DA: I think it's such an interesting dichotomy because it's a push and pull, because he naturally aligns with what the Federation stands for. He does, but I think Cleveland Booker has his own perception of what the Federation means. I think he's someone who operates by themself very effectively and efficiently as a one man ship. The idea of having to be reliant on other people isn't something that Cleveland Booker has much experience with, and the experience he does have of that isn't positive. He equates it to his family but he's ostracized from his family. So he's had to [teach] himself to be as self-sufficient as possible.
You mentioned Grudge, so I have to ask, what is it like working with Grudge, the fandom’s favorite cat?
DA: I know, right. Pretty impressive. What is it like working with Grudge? No one day is alike. Constantly kept on your toes, which is fun. But I don't know — there's something to be said about having animals on the set. Of course they say that you shouldn't work with animals or children, but it's been fun.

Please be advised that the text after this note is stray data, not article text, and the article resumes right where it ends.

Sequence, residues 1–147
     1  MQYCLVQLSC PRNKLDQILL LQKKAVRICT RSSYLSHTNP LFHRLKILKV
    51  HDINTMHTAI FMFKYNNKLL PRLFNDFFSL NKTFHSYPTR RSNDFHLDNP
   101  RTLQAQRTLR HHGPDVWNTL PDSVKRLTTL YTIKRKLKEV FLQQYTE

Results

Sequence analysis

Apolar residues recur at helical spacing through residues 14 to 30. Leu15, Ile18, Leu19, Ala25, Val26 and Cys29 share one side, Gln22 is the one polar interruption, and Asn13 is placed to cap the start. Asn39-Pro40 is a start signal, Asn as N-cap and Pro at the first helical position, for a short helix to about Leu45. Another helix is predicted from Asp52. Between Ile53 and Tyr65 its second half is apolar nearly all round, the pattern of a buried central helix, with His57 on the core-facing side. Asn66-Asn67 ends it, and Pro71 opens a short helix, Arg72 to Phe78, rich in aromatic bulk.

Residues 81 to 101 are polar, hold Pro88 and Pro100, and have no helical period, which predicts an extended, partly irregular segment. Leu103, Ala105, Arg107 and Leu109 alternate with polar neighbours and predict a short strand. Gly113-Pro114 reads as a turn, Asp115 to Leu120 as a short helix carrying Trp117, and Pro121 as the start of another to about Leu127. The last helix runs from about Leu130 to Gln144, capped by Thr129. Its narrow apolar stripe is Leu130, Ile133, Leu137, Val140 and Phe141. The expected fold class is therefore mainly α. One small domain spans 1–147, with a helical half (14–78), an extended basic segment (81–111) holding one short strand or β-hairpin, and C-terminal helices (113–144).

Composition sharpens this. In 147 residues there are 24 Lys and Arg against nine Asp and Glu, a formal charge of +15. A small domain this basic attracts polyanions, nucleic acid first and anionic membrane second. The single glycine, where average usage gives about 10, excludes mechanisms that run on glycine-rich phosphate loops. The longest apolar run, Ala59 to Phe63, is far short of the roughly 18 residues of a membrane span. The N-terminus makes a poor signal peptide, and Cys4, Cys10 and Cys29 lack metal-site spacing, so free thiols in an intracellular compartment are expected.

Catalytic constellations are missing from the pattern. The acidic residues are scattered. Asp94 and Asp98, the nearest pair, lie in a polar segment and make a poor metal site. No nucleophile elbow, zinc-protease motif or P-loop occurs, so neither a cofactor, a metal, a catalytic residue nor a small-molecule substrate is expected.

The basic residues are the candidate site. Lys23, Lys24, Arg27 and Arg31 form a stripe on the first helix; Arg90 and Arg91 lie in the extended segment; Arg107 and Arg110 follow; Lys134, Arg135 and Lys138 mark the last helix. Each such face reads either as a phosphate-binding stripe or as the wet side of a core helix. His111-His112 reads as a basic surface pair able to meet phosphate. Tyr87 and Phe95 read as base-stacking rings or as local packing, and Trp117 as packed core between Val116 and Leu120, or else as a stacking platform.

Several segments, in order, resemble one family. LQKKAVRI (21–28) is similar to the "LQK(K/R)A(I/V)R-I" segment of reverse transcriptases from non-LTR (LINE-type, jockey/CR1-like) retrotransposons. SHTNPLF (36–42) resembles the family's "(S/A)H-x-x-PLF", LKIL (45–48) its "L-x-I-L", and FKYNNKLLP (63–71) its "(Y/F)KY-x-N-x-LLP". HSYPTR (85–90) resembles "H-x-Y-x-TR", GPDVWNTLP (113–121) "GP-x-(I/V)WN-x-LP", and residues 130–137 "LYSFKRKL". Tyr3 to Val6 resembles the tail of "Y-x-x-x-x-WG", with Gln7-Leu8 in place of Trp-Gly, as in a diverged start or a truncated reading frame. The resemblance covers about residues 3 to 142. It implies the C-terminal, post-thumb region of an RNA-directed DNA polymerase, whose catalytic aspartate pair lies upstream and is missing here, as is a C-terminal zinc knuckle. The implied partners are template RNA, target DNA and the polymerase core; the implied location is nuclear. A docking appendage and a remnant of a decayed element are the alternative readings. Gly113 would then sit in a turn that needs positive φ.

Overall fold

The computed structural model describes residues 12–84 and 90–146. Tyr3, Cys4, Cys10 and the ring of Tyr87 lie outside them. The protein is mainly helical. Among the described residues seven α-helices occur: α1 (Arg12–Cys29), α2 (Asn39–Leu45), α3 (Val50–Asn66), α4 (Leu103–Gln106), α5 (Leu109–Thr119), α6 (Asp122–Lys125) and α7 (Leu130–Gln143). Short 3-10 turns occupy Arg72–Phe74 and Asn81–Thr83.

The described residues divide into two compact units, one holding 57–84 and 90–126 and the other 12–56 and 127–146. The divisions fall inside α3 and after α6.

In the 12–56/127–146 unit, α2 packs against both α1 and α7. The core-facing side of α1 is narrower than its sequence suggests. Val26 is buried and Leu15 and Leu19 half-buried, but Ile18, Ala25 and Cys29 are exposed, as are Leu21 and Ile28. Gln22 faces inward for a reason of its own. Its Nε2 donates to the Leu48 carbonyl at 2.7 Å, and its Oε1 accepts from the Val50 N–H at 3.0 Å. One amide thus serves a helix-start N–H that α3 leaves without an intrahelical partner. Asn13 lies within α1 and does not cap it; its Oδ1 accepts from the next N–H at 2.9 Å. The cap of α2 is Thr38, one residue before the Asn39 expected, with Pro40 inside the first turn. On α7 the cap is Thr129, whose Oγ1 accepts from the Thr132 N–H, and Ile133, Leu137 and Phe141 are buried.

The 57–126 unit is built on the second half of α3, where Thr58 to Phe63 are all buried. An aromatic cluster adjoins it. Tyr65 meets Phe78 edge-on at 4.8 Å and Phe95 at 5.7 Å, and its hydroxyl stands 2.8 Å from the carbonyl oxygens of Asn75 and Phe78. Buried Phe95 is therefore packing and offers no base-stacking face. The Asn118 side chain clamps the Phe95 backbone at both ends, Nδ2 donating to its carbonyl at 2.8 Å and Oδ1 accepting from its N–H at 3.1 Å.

Fortunately, we have two cats. So if the main cat Grudge, played by Leeu is [acting] up, then we will substitute her — him actually — and bring in his brother, Durban. Durban is a lot more chilled, and relaxed, and easy going. But Leeu, who we see more of on screen is definitely my favorite cat. Absolutely, even though he has scratched me before in the middle of the scene, and wrecked my costume, and given me a scratch where I had to get a medic to sort it out for me. My heart has been opened and I still love my on-screen co-star Leeu the cat.
In the premiere it seemed like Book had this ability to communicate with other species and other animals — can you tell us a little bit more about that gift that he has?
DA: It's a gift that I'm very happy was revealed in the first episode, because the first episode was in essence, a two-hander. Not only were we a thousand years into the future where there's a lot of things that are very unfamiliar, we're also meeting another character who's from the future and [new] to Michael Burnham. As much as there is a lot of exposition, we also wanted to be able to get as much sense of character as possible. So I'm really looking forward to seeing how that very specific story develops throughout the season, because it's a very important part of Book's identity.